Familial hemiplegic migraine and autosomal dominant arteriopathy with leukoencephalopathy (CADASIL)

Michael Hutchinson, Jonathon O'Riordan, Mohammed Javed, Etain Quin, Donal Macerlaine, Teresa Willcox, Nollaig Parfrey, Tamas G. Nagy, Elisabeth Tournier‐Lasserve

Research output: Contribution to journalArticlepeer-review

95 Scopus citations


Cerebral autosomal dominant arteriopathy with subcortical infarcts and leukoencephalopathy (CADASIL) is a recently described familial cerebrovascular disorder shown to map to chromosome 19q12. Familial hemiplegic migraine has also been shown in some families to map close to the CADASIL locus. The fully developed CADASIL phenotype consists of recurrent strokes developing in the fourth decade, progressing to a pseudobulbar palsy, spastic quadriparesis, and subcortical dementia. In an Irish family 15 members were fully investigated by magnetic resonance scanning; 10 had typical magnetic resonance features of CADASIL. Five members of this family had familial hemiplegic migraine and 4 of these had magnetic resonance evidence of CADASIL. Two other members had migraine with and without aura as a presenting clinical symptom of CADASIL. This disorder has been shown by linkage analysis to map to the CADASIL locus at chromosome 19. The phenotype at presentation of CADASIL in this family was variable and age related and included familial hemiplegic migraine, migraine with and without aura, transient ischemic attacks, strokes, and spinal cord infarction. This family study increases our understanding of the spectrum of clinical manifestations of this underrecognized familial cerebrovascular disorder.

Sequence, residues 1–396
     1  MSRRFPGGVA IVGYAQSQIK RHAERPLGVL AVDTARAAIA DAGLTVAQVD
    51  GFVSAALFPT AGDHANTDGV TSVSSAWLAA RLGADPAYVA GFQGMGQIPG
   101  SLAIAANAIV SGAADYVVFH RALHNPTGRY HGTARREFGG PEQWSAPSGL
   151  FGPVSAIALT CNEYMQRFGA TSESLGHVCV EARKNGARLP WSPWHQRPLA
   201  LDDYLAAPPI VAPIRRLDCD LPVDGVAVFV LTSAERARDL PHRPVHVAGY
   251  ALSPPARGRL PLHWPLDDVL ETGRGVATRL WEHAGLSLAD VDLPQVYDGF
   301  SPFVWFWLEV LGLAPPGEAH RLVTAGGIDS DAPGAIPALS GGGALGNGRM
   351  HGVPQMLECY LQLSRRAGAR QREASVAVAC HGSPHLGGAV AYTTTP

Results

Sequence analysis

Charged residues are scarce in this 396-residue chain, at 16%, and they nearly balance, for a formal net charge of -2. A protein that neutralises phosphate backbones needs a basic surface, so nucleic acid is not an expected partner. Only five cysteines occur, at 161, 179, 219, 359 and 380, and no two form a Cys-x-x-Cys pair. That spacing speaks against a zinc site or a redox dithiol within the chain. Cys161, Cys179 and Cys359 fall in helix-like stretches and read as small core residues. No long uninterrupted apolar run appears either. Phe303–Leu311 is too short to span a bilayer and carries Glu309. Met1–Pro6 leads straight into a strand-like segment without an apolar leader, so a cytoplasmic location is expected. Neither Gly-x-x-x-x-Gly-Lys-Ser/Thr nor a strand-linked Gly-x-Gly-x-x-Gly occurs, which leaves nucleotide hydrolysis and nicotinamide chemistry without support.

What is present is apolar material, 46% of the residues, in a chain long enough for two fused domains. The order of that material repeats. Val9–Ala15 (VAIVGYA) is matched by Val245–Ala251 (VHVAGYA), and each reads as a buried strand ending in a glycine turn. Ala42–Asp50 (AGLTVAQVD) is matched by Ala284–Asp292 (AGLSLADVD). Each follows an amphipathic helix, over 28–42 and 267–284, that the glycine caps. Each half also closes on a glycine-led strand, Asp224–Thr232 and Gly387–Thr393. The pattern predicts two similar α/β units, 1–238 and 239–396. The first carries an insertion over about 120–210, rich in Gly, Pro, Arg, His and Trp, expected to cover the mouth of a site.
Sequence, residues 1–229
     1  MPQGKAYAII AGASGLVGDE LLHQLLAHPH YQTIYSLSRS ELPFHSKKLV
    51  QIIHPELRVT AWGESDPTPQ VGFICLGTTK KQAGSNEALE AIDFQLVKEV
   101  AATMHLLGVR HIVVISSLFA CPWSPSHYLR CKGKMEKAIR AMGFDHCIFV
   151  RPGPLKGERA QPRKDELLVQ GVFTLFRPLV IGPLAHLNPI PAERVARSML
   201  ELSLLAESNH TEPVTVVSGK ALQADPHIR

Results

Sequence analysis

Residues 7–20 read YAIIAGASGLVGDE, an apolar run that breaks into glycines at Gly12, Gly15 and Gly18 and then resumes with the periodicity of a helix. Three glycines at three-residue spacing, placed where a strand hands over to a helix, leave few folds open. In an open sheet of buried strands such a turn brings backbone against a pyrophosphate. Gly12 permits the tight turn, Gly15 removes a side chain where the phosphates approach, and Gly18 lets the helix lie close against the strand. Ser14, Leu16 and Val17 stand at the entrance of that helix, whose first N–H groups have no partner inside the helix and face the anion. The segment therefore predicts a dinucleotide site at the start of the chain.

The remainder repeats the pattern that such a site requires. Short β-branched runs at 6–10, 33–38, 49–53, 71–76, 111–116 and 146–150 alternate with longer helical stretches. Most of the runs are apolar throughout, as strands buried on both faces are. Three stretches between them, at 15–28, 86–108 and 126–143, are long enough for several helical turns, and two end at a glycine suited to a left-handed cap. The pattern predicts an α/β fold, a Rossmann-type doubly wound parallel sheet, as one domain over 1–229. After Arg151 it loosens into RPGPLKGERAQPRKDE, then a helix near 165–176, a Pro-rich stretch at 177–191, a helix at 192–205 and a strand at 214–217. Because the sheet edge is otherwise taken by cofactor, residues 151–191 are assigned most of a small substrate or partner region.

Original languageEnglish
Pages (from-to)817-824
Number of pages8
JournalAnnals of Neurology
Issue number5
StatePublished - Nov 1995
Externally publishedYes


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